Active problem solving requires a pragmatic approach focusing on the direct issues that need resolving. Dealing with issues when they arise reduces stress in the long-term as issues do not drag on unresolved.
Create standards for performance
Effective goal setting and quantifying successful performance is also important. Developing minimum standards of behaviour and performance is a key component of an effective team. Crucially linked to this is the need for the team to buy into these performance standards and to not necessarily see them as imposed.
Recognize and reward generously
Reward and praise are important tools for the leader to use. The consistency and equality of these is also important. Consistent approaches giving clear messages and guidelines to the team are important. As a result the consistent meaning of rewards and praise is enhanced.
A key role of the leader is to motivate and empower the team. As a result the leader needs to adopt a positive outlook on situations as this, and the leader’s demeanour, will be transmitted to the rest of the team. Similarly, the leader’s enthusiasm and positivity will be transmitted to the team. If the leader is defeatist and downbeat this will also be conveyed to the team.
Teach relevant skills
Often the leader also needs to act as a coach to ‘up skill’ members of the team so that they can fulfil their role and cope with the demands placed upon them. Sharing knowledge and skills is important to empower individuals within the team, but also creates a closer bond between individuals.
Use punishment as a last resort, but make punishments clear at the start
The development of rules and boundaries is important. Crucially these should be developed and communicated at the start. This way the team is aware of the punishment associated with relevant behaviours. This prior development of punishment also removes the emotion from the decision making process should team member(s) have broken team rules for behaviour.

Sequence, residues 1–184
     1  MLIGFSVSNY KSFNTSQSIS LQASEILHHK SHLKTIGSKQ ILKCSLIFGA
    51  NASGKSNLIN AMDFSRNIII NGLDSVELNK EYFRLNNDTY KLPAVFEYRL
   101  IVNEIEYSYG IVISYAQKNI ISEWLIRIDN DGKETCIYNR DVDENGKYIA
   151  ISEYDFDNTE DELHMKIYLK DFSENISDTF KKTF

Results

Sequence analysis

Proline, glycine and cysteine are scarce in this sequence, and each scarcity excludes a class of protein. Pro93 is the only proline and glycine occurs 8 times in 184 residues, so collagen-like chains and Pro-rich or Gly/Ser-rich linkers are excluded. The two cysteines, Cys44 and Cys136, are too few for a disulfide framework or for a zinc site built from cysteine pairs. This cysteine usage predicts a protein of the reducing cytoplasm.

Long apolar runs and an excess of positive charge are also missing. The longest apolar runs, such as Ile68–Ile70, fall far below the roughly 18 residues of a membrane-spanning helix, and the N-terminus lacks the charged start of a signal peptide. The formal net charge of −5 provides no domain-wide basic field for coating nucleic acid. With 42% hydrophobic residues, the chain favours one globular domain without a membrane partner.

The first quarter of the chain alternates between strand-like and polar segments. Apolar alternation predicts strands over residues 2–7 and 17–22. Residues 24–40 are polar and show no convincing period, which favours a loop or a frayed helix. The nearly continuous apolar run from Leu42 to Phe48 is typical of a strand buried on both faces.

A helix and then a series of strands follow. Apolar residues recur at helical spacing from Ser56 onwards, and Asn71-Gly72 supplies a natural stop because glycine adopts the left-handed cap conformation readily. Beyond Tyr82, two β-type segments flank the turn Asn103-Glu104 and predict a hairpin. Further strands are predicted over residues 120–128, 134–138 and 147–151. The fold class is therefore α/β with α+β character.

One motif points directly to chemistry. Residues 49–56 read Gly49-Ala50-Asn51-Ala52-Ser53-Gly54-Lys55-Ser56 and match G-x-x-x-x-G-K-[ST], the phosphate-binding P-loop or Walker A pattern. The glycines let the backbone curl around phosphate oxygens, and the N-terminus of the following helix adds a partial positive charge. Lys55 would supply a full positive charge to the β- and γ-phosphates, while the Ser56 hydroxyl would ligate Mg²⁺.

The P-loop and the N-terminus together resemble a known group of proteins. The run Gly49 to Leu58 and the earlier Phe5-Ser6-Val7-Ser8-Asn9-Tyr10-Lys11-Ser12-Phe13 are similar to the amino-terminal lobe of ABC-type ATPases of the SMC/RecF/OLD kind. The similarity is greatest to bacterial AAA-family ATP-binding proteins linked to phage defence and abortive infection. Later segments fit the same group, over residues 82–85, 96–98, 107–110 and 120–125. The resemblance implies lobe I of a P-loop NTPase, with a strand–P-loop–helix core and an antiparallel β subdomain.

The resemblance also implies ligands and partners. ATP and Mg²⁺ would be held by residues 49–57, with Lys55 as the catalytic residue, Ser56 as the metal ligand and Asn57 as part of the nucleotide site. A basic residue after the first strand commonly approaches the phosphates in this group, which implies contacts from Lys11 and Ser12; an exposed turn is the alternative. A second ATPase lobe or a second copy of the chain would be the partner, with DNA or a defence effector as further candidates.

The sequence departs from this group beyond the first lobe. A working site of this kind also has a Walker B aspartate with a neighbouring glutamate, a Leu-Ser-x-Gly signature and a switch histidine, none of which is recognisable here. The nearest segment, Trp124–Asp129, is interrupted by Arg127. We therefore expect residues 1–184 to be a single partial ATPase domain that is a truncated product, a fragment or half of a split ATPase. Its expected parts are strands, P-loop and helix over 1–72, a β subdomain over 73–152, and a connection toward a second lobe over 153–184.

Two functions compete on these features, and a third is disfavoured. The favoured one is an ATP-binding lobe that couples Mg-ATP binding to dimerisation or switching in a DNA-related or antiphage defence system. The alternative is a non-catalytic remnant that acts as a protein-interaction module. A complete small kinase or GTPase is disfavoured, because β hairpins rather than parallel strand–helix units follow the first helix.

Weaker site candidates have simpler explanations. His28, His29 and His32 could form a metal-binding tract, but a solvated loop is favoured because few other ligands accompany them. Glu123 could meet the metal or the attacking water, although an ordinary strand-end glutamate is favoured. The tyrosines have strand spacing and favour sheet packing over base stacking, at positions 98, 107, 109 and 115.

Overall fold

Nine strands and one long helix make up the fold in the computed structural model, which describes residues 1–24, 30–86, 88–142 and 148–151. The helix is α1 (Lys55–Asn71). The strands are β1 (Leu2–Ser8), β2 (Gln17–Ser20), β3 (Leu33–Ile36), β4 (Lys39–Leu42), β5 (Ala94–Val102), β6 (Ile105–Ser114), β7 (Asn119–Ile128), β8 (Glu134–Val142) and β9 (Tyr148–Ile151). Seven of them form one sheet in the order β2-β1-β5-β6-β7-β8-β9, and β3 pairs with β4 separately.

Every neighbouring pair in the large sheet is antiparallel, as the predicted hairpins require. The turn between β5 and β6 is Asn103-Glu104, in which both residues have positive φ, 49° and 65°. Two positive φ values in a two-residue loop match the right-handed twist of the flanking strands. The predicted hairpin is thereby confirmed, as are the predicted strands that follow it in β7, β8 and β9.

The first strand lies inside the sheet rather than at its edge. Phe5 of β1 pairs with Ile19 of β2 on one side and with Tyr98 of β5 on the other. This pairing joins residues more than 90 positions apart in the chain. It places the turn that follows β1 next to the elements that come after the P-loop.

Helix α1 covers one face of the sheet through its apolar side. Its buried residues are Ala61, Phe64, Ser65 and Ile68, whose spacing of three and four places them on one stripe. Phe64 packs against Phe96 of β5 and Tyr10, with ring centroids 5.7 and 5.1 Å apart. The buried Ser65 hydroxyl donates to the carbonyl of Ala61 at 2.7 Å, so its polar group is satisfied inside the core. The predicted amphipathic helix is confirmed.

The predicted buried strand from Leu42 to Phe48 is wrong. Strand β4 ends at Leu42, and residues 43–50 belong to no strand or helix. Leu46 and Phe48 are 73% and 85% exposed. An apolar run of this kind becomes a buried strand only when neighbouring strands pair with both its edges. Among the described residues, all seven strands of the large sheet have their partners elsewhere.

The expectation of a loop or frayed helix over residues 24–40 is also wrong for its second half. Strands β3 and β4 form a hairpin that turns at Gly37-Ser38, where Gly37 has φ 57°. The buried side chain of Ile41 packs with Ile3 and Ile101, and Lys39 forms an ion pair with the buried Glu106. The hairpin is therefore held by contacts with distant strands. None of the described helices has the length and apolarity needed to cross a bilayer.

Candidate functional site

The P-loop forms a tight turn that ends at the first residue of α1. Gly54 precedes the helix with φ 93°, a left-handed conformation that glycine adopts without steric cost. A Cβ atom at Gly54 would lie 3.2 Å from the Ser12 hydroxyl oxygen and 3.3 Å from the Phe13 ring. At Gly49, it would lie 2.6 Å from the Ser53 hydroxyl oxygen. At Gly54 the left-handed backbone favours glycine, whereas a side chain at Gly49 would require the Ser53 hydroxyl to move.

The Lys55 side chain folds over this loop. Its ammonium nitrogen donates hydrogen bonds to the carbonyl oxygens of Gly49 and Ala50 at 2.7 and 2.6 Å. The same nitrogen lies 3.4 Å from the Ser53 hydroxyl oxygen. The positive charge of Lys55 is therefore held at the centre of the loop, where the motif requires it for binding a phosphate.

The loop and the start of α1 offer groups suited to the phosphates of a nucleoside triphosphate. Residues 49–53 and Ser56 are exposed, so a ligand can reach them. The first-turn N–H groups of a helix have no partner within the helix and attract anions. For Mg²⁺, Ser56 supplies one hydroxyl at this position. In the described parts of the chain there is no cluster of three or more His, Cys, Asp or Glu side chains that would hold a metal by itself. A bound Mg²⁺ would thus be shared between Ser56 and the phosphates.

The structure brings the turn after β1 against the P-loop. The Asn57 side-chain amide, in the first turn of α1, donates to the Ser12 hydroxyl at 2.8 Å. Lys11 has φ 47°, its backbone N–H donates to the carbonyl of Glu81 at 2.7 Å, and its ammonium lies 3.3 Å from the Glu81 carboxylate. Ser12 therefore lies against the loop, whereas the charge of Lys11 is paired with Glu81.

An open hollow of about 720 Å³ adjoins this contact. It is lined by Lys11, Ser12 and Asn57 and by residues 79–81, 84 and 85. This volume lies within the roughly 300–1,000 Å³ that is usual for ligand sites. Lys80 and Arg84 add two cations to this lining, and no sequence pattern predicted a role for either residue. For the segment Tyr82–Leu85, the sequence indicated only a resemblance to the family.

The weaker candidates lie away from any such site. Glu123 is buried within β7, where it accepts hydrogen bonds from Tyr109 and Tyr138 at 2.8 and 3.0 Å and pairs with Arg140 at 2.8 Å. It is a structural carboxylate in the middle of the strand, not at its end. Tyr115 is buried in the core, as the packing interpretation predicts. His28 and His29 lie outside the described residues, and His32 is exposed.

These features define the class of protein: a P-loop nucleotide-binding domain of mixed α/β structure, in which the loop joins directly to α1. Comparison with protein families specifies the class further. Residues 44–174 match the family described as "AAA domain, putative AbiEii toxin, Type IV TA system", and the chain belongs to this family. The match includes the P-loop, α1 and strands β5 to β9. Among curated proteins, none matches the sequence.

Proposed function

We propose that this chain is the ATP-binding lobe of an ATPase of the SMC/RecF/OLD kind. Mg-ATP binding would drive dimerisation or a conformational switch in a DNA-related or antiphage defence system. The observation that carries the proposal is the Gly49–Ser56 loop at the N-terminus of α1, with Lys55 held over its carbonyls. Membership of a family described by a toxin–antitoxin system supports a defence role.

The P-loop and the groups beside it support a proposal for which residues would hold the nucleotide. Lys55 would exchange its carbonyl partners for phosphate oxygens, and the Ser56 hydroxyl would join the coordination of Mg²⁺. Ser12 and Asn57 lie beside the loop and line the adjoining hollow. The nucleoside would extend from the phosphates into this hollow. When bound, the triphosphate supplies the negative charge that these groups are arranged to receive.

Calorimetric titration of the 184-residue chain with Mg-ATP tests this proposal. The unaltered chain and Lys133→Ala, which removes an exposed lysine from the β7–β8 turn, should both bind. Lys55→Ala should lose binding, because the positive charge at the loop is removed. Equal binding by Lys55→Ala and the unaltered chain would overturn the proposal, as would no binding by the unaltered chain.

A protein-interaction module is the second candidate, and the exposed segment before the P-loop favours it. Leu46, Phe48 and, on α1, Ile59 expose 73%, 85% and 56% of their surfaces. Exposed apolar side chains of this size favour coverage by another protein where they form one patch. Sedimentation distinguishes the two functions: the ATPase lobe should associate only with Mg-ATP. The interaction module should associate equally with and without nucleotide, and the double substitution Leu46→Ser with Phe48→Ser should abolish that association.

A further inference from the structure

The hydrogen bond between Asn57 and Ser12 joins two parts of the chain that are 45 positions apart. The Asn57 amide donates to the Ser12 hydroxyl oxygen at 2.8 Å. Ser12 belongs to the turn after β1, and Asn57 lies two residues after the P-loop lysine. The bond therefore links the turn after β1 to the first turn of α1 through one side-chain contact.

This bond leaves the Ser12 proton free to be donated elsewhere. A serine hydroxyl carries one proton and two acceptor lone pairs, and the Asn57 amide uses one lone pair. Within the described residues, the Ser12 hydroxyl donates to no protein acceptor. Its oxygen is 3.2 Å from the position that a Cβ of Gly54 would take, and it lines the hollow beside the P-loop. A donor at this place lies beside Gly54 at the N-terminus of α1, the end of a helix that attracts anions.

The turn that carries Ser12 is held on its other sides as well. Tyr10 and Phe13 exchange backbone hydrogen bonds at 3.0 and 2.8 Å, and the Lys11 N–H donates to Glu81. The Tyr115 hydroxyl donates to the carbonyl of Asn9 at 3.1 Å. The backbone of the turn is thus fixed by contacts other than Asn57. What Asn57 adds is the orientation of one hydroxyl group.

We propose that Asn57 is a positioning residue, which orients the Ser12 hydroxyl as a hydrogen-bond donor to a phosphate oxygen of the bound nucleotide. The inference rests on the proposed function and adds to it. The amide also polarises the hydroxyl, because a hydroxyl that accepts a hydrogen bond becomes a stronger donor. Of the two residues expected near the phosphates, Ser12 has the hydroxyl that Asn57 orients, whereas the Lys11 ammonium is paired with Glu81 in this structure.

The captain in a team also plays a very important role in mentoring younger players, and as a result is particularly important in providing information, support and guidance. He or she is an on the pitch leader as well as an off the field representative for the team, occupies a potential role model position, and needs to adhere to a standard of behaviour both on and off the pitch that is reflective of the values of the team and/or the club.
The captain also needs to lead by example in game situations in relation to the style of play, environmental factors, and umpiring. They will also act as a source of inspiration and motivation to the rest of the team. As a result, developing each of these areas is important to be effective.
It is important to remember that a successful team is built upon a series of successful individual performances. Due to this, an effective captain needs to value the performance and input of all team members during the game/performance. The ability to influence all members of the team in slightly different ways either before, or during, a game is a key characteristic of truly effective captains. Also, as with other forms of leadership, the ability to empower others is crucial to ultimate success. Good captains will look to develop the knowledge, understanding, and confidence of their bowlers, for example, to empower them to take the lead in determining their field settings and tactical decisions when bowling.